Since your home loses most of the energy you pay for each month through the attic, having the right amount of insulation to keep that costly comfort in the home is paramount.


We live in a time with numerous options for our homes energy upgrades, but which one(s) are the best for you, your pocket book, and provide the best ROI? The list is seemingly limitless, including the following:

Replace High-Energy Appliances with More Efficient Versions Install a Programmable Thermostat Increase Attic Insulation to Department of Energy Recommendation Solar Panels Install New Doors and Windows (or Seal the Current Ones) Enhance Air Conditioning with Ceiling Fans Make the Water System More Efficient Improve the Lighting Replace Kitchen Equipment .

Prices for home energy efficiency improvement projects can range anywhere from $50 to $15,000+, depending on the specific scope and home. Many options for homeowners to invest in energy efficiency are not easy either. Some projects require contractor’s expertise when DIY is not practical. Many sources on the web will tell one to get an energy audit as well, which isn’t a bad idea, but costs money and will likely point you to areas which are already known to need an upgraded, such as the insulation in the...


No one looks forward to spring-cleaning. But think how much better your house will feel when it’s done! Here are a few tips from the pros to make it efficient and effective.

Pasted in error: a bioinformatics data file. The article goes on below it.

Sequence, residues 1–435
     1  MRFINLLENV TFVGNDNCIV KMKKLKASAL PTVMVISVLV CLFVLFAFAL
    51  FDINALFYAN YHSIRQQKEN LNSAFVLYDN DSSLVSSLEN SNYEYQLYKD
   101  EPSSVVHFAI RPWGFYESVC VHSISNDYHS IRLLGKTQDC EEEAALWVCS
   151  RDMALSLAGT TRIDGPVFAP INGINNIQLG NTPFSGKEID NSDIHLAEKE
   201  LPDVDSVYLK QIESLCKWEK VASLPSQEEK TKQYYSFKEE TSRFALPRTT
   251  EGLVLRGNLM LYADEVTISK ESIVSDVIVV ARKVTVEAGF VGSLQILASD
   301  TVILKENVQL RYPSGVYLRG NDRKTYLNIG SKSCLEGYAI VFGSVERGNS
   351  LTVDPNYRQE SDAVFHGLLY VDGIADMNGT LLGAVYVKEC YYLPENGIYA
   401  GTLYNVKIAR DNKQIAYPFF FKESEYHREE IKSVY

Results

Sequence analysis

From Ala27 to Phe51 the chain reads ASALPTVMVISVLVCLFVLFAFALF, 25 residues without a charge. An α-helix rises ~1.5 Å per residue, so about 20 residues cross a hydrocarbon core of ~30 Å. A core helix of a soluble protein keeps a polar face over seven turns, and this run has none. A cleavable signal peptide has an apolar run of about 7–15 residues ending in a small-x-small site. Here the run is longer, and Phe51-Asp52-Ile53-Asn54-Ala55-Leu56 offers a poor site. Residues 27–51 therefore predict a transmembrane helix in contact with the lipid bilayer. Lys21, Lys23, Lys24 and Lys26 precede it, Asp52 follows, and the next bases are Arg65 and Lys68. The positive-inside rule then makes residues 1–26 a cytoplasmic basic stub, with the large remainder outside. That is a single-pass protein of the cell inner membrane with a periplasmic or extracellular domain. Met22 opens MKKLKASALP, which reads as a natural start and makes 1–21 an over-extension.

1. Have roof flashing, caulking, shingles inspected in preparation for the spring storms. Check for continuity of shingles on the planes of the roof and on the ridges. The areas with flashing should be tight and sealed with some type of approved roofing sealant applied.

2. Inspect caulking around windows, doors, and any openings into the home. Many times during the cold season windows and doors will slightly separate from the frame. This can be remedied with an application of external silicone caulking or sealant. Clear silicone may be used to seal under door thresholds and stained wood frames.

3. Change your ceiling fan’s direction. In the summer you want your ceiling fans to blow air down to give the room a breeze and make it feel cooler. This is the opposite of the winter and running a ceiling fan can make a room feel cooler while leaving...


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We get this question a lot and there are several answers, but we’ll start with the most apparent and disappointing one – Builders only build to minimum code and don’t care about energy bills unless they live in the home themselves. That’s right, because a home builder will never pay an energy bill of a home they build, why would they do anything more than the minimum required amount of attic insulation?

First, let’s discuss code requirements, briefly. In most cities and states, there are requirements for aspects of commercial and residential building codes that are required. Cities will adopt a version of the IRC they choose, then choose to enforce or not enforce codes found in the IRC handbook. Essentially, the city municipality decides if they want code requirements, which codes they like, then if they want to enforce them or not. Lots of grey area there…